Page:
Skip to main content

Thank you for visiting You are using a browser version with limited support for CSS. To obtain the best experience, we recommend you use a more up to date browser (or turn off compatibility mode in Internet Explorer). In the meantime, to ensure continued support, we are displaying the site without styles and JavaScript.


Credit: Daniel Hertzberg

Pain is unpleasant but necessary. It signals danger, preventing us from harming ourselves, and alerts us to damage to our bodies. Yet for many people, their pain system is out of alignment. Too much pain is crippling and can make everyday living an agony. Even 'good' pain can turn bad, when the pain of an injury persists after the damage has healed.

To use only the term 'pain' is to ignore the full range of ways that people experience hurt. It might all start with the same basic pathways (see page S2), but the nuances change as acute pain becomes chronic and even the strongest analgesics stop working (S4). Damage to nerves has its own set of effects. Which sensation a person experiences might be a clue to the cause of their neuropathic pain — and how to treat it (S10).

The personal nature of pain complicates its study. Men and women even process pain through different immune cells in the spinal cord. Such an important distinction has a bearing on the sex of animals used in pain research (S7). And these variations have hampered genetic studies, which have so far shown only that pain is mediated by a mosaic of thousands of genes (S12). Brain imaging, however, is providing more leads. Researchers think that they have identified a neurological signature of pain that could be used in comparison studies (S8).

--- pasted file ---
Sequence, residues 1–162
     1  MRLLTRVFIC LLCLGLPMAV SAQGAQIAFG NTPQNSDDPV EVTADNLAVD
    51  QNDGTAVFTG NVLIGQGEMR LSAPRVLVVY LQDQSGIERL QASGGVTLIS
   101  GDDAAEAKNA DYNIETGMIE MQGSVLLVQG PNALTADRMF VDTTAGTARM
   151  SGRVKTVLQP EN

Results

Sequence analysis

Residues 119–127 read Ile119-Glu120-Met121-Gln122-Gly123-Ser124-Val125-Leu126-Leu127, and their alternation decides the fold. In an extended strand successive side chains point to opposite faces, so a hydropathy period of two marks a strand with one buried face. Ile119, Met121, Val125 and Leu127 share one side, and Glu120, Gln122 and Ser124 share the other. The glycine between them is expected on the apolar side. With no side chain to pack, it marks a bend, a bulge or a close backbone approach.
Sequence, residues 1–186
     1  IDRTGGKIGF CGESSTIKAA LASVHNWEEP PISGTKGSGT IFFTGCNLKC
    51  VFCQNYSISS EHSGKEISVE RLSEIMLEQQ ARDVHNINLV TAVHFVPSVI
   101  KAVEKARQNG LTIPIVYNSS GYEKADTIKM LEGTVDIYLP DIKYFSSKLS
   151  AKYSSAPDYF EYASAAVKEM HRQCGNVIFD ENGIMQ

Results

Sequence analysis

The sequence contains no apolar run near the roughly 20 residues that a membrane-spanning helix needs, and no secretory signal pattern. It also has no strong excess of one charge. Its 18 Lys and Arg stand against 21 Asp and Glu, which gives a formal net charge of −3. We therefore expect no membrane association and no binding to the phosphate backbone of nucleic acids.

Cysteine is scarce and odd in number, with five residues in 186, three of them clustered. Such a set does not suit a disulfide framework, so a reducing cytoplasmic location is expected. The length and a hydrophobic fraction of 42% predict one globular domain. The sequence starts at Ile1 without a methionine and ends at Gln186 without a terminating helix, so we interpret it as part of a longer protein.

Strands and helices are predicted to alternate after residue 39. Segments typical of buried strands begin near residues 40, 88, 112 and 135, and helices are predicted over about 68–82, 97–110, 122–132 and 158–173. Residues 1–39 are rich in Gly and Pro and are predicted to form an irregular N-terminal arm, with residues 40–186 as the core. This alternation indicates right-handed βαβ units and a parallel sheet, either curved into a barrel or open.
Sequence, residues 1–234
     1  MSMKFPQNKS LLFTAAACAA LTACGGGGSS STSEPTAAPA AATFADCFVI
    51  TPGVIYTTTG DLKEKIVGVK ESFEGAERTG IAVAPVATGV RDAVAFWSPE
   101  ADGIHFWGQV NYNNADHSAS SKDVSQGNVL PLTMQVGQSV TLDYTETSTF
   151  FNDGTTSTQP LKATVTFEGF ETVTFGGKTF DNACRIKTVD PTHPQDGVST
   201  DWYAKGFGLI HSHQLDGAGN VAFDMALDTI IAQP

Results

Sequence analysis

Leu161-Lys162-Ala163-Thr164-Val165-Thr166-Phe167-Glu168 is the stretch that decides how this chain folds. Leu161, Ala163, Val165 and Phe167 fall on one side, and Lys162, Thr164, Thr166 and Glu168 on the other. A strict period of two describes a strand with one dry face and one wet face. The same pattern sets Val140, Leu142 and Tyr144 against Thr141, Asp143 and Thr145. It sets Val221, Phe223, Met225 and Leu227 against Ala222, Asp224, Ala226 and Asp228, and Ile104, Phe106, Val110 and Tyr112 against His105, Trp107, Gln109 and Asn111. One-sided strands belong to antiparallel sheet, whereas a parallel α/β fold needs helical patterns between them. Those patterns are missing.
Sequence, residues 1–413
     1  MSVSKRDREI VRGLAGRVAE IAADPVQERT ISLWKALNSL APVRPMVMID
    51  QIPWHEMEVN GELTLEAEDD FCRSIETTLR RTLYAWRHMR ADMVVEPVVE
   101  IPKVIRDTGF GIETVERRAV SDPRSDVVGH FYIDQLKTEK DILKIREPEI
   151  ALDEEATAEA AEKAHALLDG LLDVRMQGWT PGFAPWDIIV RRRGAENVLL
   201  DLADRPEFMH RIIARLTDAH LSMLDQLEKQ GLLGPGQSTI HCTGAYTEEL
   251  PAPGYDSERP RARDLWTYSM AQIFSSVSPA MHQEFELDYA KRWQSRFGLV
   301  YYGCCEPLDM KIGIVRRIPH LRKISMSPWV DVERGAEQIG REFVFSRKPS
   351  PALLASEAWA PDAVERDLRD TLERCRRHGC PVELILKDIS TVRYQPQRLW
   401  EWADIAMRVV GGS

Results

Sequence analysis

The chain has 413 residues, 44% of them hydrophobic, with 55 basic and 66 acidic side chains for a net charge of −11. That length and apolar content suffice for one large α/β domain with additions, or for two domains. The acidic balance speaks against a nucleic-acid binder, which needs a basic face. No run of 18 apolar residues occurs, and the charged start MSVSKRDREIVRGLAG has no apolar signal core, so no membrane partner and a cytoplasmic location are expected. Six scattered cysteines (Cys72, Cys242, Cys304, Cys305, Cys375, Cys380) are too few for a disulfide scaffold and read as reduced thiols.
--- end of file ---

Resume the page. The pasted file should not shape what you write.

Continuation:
Researchers have come a long way in terms of understanding and controlling pain (S18). But although people in developed countries have access to the strongest opioids, billions elsewhere do not — even those in palliative care (S16). However, things are changing, with many drugs and devices in development, including the intriguing possibility of using honest placebos as painkillers (S14).

We are pleased to acknowledge the financial support of ESTEVE, Mundipharma International Ltd and Mundipharma Research GmbH & Co. KG in producing this Outlook. As always, Nature has sole responsibility for all editorial content.

Author information

Authors and Affiliations


Rights and permissions

Reprints and Permissions

About this article

Verify currency and authenticity via CrossMark

Cite this article

Grayson, M. Pain. Nature 535, S1 (2016).

Download citation

  • Published:

  • Issue Date:

  • DOI:

Further reading


Quick links

Nature Briefing

Sign up for the Nature Briefing newsletter — what matters in science, free to your inbox daily.

Get the most important science stories of the day, free in your inbox. Sign up for Nature Briefing